In the last decade teachers have been presented with a unique challenge: protecting children from the dangers of the Internet. Many teachers struggle with this challenge because the Internet was not something that they grew up knowing about. Likewise parents struggle to help to teach their children because they are not sure of the dangers or of the resources available that can help. In a 2005 study about 47% of parents felt that their ability to monitor and shelter their children from inappropriate material was limited.
Other parents may have a false sense of security. 95% of parents say they know “some” or “a lot” about where their children go or what their children do on the Internet. Yet at the same time 26% of students believe their parents would be concerned if they really knew what they did on the Internet. There is no doubt that issues of Internet safety are the primary responsibility of the parents, yet teachers are also faced with the unique responsibility of trying to reinforce established rules and to make sure that students understand the risks that they take when they act recklessly online.
Fortunately there are resources for teachers who are looking for information about Internet safety for the classroom. Technological aids such as filters, firewalls, activity reporting, etc. can be purchased and installed on any computer. These aids allow a teacher to designate specifically which websites are inappropriate for the classroom. Filters also give teachers the ability to filter out categories of content that they do not want shown in the classroom such as pornography. Although personal information should not be shared online, if it is, firewalls protect sensitive information from prying eyes. Activity reporting provides the teacher with a detailed report of all the websites that were visited by specific users at specific times. If there are websites that the filter did not catch, a teacher would be able to see these sites on the activity report and manually enter them in as sites that need to be blocked.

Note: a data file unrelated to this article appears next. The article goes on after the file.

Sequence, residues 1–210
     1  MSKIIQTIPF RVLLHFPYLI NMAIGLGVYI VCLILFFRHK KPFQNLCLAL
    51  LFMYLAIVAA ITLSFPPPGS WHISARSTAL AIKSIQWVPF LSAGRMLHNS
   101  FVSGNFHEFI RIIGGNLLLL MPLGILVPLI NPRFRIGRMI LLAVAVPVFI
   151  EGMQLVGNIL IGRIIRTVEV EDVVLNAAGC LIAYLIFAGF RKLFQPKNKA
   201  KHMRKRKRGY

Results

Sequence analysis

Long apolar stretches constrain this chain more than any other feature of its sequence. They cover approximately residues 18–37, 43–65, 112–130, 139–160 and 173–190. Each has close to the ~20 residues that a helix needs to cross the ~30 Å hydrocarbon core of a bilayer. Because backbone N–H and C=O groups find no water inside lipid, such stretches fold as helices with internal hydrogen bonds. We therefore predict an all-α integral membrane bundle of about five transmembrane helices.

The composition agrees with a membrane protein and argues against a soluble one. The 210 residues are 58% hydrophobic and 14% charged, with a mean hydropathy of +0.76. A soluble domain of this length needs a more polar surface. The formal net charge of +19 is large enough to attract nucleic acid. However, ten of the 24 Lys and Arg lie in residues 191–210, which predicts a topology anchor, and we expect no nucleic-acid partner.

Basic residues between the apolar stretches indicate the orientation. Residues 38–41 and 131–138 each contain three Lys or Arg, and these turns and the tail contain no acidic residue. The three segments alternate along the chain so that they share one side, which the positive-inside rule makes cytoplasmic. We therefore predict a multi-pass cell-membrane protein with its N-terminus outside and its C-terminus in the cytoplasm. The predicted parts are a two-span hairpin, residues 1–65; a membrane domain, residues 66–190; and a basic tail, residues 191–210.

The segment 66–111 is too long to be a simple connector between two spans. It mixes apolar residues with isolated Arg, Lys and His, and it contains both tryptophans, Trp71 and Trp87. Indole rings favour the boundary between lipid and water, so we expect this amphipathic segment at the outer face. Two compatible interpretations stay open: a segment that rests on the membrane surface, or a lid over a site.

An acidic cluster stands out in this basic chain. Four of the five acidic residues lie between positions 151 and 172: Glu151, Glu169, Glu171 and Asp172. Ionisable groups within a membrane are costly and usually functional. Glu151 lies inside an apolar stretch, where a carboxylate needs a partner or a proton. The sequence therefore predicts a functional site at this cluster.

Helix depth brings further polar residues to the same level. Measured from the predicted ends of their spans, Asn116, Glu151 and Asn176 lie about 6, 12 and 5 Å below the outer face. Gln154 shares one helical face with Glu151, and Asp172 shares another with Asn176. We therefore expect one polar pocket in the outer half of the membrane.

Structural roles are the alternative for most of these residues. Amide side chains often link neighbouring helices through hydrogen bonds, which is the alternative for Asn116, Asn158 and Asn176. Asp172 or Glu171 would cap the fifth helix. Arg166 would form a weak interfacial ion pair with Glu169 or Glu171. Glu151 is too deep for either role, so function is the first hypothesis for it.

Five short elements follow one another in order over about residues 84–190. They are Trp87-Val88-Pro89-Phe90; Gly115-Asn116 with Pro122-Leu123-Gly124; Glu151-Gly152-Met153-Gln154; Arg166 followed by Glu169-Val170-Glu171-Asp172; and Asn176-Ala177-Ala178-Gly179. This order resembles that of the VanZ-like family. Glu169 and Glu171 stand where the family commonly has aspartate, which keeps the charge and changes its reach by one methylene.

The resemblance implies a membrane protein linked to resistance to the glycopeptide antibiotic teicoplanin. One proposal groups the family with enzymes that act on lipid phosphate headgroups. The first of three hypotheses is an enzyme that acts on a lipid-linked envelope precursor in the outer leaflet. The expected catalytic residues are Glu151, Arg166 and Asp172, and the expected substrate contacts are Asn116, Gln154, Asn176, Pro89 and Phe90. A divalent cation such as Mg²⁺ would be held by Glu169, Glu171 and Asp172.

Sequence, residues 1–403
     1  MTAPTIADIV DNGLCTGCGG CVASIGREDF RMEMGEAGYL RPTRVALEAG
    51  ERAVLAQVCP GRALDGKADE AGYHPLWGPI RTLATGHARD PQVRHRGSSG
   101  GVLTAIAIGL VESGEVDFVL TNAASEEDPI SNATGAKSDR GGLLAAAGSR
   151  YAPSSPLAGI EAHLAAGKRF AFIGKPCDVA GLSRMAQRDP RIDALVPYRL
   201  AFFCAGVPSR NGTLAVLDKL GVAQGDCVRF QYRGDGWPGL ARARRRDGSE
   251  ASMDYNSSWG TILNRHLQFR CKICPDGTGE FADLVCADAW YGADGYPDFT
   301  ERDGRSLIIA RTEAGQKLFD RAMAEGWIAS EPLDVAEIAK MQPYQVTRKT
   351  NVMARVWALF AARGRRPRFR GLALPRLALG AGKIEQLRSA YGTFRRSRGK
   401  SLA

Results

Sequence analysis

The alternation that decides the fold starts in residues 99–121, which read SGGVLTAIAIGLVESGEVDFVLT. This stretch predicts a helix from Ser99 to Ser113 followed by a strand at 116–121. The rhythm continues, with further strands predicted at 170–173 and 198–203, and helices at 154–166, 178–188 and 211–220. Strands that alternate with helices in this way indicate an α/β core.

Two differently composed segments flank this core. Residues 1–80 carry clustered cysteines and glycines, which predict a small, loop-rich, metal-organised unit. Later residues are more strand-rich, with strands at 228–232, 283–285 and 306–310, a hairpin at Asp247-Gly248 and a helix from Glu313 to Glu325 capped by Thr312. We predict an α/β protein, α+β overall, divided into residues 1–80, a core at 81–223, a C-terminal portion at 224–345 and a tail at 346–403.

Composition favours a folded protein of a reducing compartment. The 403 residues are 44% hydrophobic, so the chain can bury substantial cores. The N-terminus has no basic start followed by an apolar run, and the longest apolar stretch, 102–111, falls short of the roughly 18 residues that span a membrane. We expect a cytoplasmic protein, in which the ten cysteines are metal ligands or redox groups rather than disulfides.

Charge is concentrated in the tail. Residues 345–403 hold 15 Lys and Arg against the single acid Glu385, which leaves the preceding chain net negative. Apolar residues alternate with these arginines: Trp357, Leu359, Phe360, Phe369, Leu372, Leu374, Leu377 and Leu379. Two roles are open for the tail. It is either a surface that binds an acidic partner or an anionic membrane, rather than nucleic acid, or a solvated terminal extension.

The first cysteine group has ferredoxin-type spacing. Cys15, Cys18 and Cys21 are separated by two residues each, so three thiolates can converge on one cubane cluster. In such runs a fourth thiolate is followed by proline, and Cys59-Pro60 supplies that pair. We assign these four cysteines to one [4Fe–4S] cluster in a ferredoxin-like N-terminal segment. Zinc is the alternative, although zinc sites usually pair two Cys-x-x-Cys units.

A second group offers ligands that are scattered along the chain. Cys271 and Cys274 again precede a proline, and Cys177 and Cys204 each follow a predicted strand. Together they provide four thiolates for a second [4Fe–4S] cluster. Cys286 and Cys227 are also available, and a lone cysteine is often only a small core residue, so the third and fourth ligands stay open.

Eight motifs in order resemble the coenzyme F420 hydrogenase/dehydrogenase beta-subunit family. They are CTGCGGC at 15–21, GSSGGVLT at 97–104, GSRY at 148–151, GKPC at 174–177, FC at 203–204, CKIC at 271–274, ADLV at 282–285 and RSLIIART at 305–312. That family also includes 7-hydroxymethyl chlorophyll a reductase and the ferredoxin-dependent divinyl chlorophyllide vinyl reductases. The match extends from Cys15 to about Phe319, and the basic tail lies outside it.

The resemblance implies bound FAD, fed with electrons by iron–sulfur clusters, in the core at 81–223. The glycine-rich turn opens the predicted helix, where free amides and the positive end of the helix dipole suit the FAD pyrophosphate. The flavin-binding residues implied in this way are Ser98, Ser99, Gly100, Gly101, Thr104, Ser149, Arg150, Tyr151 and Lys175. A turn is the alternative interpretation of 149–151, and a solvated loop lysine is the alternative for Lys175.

There are also specific programs designed for teachers. With 12% of students admitting that they have unsupervised Internet access at school, educators are in need of extra help. Below you will find more information about two specific projects dedicated to helping teachers learn more about and apply better principles of Internet safety in the classroom.
i-SAFE is recognized internationally as a leader in safety education. i-SAFE was founded in 1998 and is endorsed by the U.S. Congress as a foundation dedicated to protecting youth while they are on the Internet. i-SAFE offers classroom curricula and has numerous outreach programs that are dedicated to the empowerment and education of teachers, parents, and other adults concerned about the wellbeing of our children. For more information on how you can get involved, visit i-SAFE.
NetAlert’s CyberSafe Schools
The CyberSafe Schools project is a source for useful information for teachers concerned about Internet safety at school. CyberSafe is designed to help teachers minimize online risk as well as teach Internet safety principles to children that they can then apply at home or wherever else they may choose to go online. This project provides teachers with safety education in the school curriculum, a quick reference guide, and an information booklet entitled â€˜A Teacher’s Guide to Internet Safety’. CyberSafe also has a community outreach program that offers free advice to parents, teachers and children. This information can be found at NetAlert. To find the NetAlert online resources for teachers, visit NetAlert for Teachers. NetAlert also has made available a toll free Internet safety helpline. The phone number for this helpline is: 1-800-880-176 (it is an Australian number).